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Also posted on: Accessibility
The winners of the British Computer Society (BCS) Members of Parliament (MP) website awards were announced at a special event in the House of Commons on 7 November. The overall winner was Adam Price MP for Carmarthen East. The other awards went to: Paul Flynn MP – best design, Derek Wyatt MP – engagement and Alan Johnson MP for accessibility. (I have added links to all the relevant sites at the bottom of this blog).
The BCS set this competition up as part of the BCS 50th anniversary celebrations. The intent was to make parliamentarians more aware of the importance of ICT to the UK and in particular the work and influence of the BCS.
The competition also raised the awareness amongst MPs of the power of the web to promote their messages and agenda.
Speaking for the judging panel, Professor Nigel Shadbolt said that standards varied enormously. Some of the worst comments were: “Is he more interested in himself or his voters?”, “Wouldn’t vote for him.”, “Which party does this woman belong to?” and “Self promoting as usual.”
Professor Shadbolt added: “Of particular concern was the large number of MP websites that failed to be short-listed because they failed the accessibility test. This means that the large minority of the population with various disabilities would be unable to properly access these sites. And this last category, particularly with an ageing and increasingly IT reliant society, they ignore at their political peril.”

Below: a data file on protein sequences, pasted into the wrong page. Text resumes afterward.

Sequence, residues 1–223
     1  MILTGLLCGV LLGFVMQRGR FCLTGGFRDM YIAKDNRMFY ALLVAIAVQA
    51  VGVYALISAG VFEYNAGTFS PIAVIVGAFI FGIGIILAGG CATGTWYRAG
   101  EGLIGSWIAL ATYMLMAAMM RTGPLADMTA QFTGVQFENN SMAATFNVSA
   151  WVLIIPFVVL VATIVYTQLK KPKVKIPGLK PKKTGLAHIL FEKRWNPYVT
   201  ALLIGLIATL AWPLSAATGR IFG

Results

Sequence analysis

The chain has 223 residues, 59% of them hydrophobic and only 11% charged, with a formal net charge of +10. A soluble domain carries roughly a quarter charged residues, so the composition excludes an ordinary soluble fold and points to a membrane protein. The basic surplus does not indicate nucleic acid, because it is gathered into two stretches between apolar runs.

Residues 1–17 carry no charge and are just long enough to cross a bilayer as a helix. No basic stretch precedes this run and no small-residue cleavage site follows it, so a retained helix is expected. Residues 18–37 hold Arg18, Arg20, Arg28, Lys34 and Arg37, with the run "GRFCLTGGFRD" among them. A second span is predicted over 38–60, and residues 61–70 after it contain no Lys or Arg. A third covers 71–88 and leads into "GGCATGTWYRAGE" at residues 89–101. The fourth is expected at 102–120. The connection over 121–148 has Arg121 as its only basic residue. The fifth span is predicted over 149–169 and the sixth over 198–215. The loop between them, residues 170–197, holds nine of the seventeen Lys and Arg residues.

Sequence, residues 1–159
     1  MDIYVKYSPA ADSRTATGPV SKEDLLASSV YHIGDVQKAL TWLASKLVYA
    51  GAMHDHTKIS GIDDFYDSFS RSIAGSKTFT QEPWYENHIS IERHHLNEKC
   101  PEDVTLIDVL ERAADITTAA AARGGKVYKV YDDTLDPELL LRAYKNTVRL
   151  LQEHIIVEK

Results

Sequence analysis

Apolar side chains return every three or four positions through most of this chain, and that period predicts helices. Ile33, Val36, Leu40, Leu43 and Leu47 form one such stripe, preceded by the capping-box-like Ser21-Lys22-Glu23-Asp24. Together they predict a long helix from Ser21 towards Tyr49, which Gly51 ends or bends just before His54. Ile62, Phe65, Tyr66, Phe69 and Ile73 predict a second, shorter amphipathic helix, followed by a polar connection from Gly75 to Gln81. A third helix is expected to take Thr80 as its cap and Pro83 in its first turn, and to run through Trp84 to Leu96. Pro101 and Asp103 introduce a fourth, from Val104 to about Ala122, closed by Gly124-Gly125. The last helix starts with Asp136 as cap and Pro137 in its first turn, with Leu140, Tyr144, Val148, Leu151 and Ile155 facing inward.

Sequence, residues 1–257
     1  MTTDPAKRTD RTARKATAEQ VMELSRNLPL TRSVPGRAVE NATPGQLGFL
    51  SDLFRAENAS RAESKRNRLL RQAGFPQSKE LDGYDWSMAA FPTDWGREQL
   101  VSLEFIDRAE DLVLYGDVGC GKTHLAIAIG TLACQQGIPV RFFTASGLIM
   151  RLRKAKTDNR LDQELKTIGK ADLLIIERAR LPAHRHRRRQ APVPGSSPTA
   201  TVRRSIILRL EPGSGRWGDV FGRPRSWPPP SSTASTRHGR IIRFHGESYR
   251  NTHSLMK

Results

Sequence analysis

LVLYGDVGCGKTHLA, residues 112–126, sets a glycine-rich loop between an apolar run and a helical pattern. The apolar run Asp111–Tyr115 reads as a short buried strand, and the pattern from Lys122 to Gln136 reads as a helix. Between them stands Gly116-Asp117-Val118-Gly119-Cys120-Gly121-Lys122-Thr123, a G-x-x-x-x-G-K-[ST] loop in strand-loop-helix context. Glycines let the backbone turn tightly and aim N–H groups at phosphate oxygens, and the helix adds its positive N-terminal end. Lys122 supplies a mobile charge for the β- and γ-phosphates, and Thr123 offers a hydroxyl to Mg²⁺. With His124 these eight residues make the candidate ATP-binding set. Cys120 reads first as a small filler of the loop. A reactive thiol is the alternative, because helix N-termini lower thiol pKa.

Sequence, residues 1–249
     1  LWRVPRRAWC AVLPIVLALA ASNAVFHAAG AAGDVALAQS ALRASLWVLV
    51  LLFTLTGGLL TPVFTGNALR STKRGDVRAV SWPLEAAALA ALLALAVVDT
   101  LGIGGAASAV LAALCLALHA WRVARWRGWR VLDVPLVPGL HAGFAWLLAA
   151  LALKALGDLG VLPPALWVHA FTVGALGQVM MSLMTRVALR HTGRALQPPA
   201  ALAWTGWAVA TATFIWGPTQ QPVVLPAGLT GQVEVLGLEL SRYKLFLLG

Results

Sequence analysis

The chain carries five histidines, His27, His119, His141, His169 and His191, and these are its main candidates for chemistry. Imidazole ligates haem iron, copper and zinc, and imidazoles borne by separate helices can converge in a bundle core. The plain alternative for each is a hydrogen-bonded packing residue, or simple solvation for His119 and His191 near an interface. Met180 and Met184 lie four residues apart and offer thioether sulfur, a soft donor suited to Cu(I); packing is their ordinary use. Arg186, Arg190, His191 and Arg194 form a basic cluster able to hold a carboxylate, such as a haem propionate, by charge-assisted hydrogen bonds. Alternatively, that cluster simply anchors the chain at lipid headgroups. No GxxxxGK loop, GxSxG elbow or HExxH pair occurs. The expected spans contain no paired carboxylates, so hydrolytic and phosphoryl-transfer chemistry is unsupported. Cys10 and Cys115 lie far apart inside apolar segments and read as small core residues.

“The best were able to combine excellent content with the newest forms of media, such as video and blogging in a bid to get up-to-date, relevant and well-written information out to a cross-section of their constituency.”
Accessibility being my particular interest I have had a closer look at the three top sites in this category. I spoke to Abilitynet judge who said that there was a clear winner in this category.
The winner was Alan Johnson. The first thing to notice about this site is the simplicity and clear layout of the home page. It is very easy to see how to get from here to any details. The only sad thing is that the latest news at the time of the competition in November was from July.
The site is all built using XHTML Strict and the checks I run showed that it did conform, which shows that it is perfectly possible to abide by this level of quality. This is a good accessible site but I would still like to make some suggestions for improvement:
- The skip to main function is accessible to people using screen readers but is not visible to other people who may prefer to use the tab key rather than the mouse to navigate (including myself).
- The structure of the page is not really reflected in the header structure for example it would be really helpful if the navigation heading was a level two header so that screen reader users could access it easily by listing the headings.
- There is an accessibility page, which starts off with a good intent statement and then includes some technical detail of how this is done. It could be improved by adding links to some pages that describe how to use a browser such as the AbilityNet ‘myweb myway’ page http://www.georgegalloway.com/”>http://www.georgegalloway.com/